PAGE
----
News

Plastic Free Waters: Microplastics and Human Health Meeting

Barent Roth of the New School, Phoebe Stapleton of Rutgers University, Scott Fallon of the Bergen Record and Lisa Kaas Boyle of the Plastic Pollution Coalition come together to discuss the dangers of microplastics to both the natural environment and human health, and answer questions on the future of microplastics at our November Partnership Meeting.

Last week (12 November, 2019) PFWP held a meeting at the New School. Titled ‘Microplastics and Human Health’, which featured experts on plastics, microplastics and their impact on human health from a variety of professional backgrounds.

Professor Barent Roth of the New School, professor at the Parsons School of Design‘s BFA Product Design and MFA Industrial Design programs.

Lisa Kaas Boyle is an environmental attorney and founder/activist from the Plastic Pollution Coalition.

Scott Fallon is an investigative reporter who has covered the environment at The Bergen Record since 2008, concentrating on the legacy of industrial pollution in New Jersey.

Dr. Phoebe Stapleton, an Assistant Professor in the Rutgers University, Ernest Mario School of Pharmacy, Department of Pharmacology and Toxicology, and the Joint Graduate Program in Toxicology.

Moderating the event was Catie Tobin, who is the Microplastics Researcher for Clean Ocean Action (COA).

Speaker Presentations:

Microplastics Updates October 2019

Journal Articles

Wetland soil microplastics are negatively related to vegetation cover and stem density

First evidence of microplastic contamination in the supraglacial debris of an alpine glacier

Microplastics from mulching film is a distinct habitat for bacteria in farmland soil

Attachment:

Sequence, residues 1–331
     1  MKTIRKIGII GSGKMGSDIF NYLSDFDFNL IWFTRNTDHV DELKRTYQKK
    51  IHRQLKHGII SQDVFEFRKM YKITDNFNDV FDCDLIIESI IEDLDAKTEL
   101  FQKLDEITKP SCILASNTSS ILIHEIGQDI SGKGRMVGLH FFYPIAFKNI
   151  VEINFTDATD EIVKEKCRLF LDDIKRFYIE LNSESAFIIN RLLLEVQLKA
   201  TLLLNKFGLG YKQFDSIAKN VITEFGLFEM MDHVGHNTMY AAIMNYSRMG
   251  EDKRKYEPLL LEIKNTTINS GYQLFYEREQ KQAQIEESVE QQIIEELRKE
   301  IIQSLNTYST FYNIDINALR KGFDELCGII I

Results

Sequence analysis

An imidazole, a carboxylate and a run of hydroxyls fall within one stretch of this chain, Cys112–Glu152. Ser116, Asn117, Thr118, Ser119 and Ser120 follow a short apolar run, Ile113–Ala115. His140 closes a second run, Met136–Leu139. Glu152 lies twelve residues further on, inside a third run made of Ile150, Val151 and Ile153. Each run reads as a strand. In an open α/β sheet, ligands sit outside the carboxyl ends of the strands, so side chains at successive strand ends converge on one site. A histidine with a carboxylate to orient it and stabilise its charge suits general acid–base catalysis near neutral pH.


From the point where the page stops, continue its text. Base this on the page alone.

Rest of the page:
River Deltas as hotspots of microplastic accumulation: The case study of the Ebro River (NW Mediterranean)

Chemical and physical changes of microplastics during sterilization by chlorination

Effects of microplastics on greenhouse gas emissions and the microbial community in fertilized soil

Average daily flow of microplastics through a tertiary wastewater treatment plant over a ten-month period

Phytoplankton response to polystyrene microplastics: Perspective from an entire growth period

In the News

The biggest source of microplastics in California coastal waters? Car tires

You’re literally eating microplastics. How you can cut down exposure to them.

Microplastics have invaded the food supply

Hunting for microplastics in your seafood

Scientists piece together microplastics problem in Monterey Bay

New evidence points to microplastics’ toxic impact on the human body

Tracing the Journey of Microplastics in the Arctic

Researchers study microplastics in marine mammals

Conferences

Society of Environmental Toxicology and Chemistry (SETAC) Toronto, Canada (11/03-11/07)

UN Conference of the Parties to the United Nations Framework Convention on Climate Change – Santiago, Chile (12/02-12/13)

15th World Convention on Waste Recycling and Reuse – Kuala Lumpur, Malaysia (02/21/20-02/22/20)